Mintos chief executive Martins Sulte explains to Marc Shoffman how the European lending marketplace plans to build on its success in 2021 and beyond.
Mintos has pioneered a new peer-to-peer lending format in Europe by matching investors on the continent with loan originators from around the world.
The Latvia-based lending marketplace celebrated a landmark year in 2020. It reached €6bn (£5.27bn) in funded loans and raised a record €7.2m in a crowdfunding fundraise on Crowdcube.
It was also a transformative year as Mintos applied for an investment licence in Latvia that will let it expand its operations and product range.
New investor protections were introduced such as an appropriateness test to ensure the risks of the product are understood.
Mintos also boosted transparency on the platform by introducing a new risk score based on an originator’s loanbook quality and performance, how well it recoups bad debts, how it operates buybacks and its co-operation with Mintos. This aims to help with investor due diligence.
That would be an exhausting 12 months for any company but Mintos chief executive Martins Sulte, is not sitting back just yet.
Marc Shoffman: What is the key to the success of Mintos’ growth?
Martins Sulte: It all comes down to the product. We are offering unparalleled opportunities to invest in loans – you can find a lot of different loans across different countries on one marketplace.
On the other side, you have the lending companies providing a good funding source for borrowers.
We then bring these two sides together in an easy-to-use product, which is the key for success.
Marc Shoffman: How do you choose your originators?
Martins Sulte: We have a sales partnership team that screens the loan originators at a high level to understand the product offering and market position.
If that is satisfactory, there is enhanced due diligence on the loan portfolio performance, the management, the servicing. This is all considered before we decide if we are comfortable to connect.
Marc Shoffman: How have investors reacted to the new platform features?
Martins Sulte: Investors now get additional insight they didn’t get before. The risk score isn’t something investors would flood to praise as we had it already, it’s just an evaluation of what we had before.
Marc Shoffman: Why is it important for you to be regulated?
Martins Sulte: When you are dealing with finance you have to be regulated to get into the mainstream and provide services to more investors across more countries.
For some investors, the first question is whether you are regulated and this will influence if they decide to invest.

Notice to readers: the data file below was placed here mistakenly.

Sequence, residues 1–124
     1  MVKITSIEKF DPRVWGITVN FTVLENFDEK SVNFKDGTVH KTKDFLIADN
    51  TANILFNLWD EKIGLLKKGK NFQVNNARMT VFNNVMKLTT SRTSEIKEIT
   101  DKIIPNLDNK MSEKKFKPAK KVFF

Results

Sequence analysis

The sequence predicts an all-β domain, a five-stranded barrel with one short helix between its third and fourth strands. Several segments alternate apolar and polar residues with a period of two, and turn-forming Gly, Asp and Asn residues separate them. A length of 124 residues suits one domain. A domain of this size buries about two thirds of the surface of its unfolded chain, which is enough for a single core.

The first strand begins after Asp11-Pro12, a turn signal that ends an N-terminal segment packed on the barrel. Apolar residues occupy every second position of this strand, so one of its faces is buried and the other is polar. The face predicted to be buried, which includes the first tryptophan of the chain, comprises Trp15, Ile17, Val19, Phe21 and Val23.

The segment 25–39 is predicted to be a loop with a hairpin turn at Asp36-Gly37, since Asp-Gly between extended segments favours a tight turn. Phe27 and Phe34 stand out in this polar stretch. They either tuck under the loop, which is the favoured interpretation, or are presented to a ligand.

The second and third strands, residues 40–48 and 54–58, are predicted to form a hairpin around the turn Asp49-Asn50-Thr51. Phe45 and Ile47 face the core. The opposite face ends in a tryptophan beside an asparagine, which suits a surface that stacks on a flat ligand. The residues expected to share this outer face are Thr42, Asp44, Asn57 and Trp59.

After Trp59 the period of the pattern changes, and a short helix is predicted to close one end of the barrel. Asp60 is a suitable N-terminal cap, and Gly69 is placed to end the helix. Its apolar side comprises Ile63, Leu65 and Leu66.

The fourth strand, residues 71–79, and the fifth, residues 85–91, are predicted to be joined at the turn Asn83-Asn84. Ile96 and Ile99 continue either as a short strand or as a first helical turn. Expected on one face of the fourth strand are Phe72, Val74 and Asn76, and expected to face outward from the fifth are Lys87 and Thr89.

We are expecting to get our investment licence between the first and second quarter.
Investors now have to complete a suitability assessment as part of our plans to be regulated. There has been good feedback on it so far. It is the first experience of investing for many of them.
Marc Shoffman: Will regulation create better outcomes for investors?
Martins Sulte: The reason regulation exists is to protect both parties. When it comes to retail it is more to protect the interests of investors and to have safeguards in place.
Regulation will help weed out obvious cases of fraud but it is not possible to weed out all cases even in a fully regulated set-up. It is never going to be.
Marc Shoffman: How have you navigated the pandemic?
Martins Sulte: The first wave in March 2020 was a challenging time. It came as a shock and affected investor confidence.
The impact of the second wave was less so. People are getting used to the situation.
We are seeing investors returning and the start of the year has been strong for us. The number of loans in recovery has increased, that’s part of investing and something which I guess investors also had to learn.
The double-digit returns do come with a risk and that affects the loan performance.
Marc Shoffman: What is your focus for 2021?
Martins Sulte: 2021 will be an exciting year, we have great expectations. We are looking to scale up both sides of the marketplace.
It will be a year of branching out. We want to bring on lower risk loans, more investment products and a debit card. The investment products would include traditional exchange traded funds.
We are forming a team to provide this, subject to getting the investment firm licence. There is, of course, competition that we keep an eye on but so far we haven’t seen anyone do anything different.
Most platforms are setting up and are trying to replicate what we do but they are super small.
Marc Shoffman: How did it feel to exceed your crowdfunding target with a record fundraise?
Martins Sulte: The best bit was that we were able to get thousands of new investors on board. This gives them the opportunity to be part of Mintos and share in our wider vision.
Obviously, the funding itself is also helpful. It gives us more confidence to invest in our growth and customer acquisition.
Marc Shoffman: Can you see Mintos opening up to UK investors?
Martins Sulte: It is definitely in our mind to open up for UK investors but not this year. We will see how Brexit pans out. Mintos is unlikely to fund loans in the UK though. Most investors are euro denominated so there would be limited interest in funding British pound loans.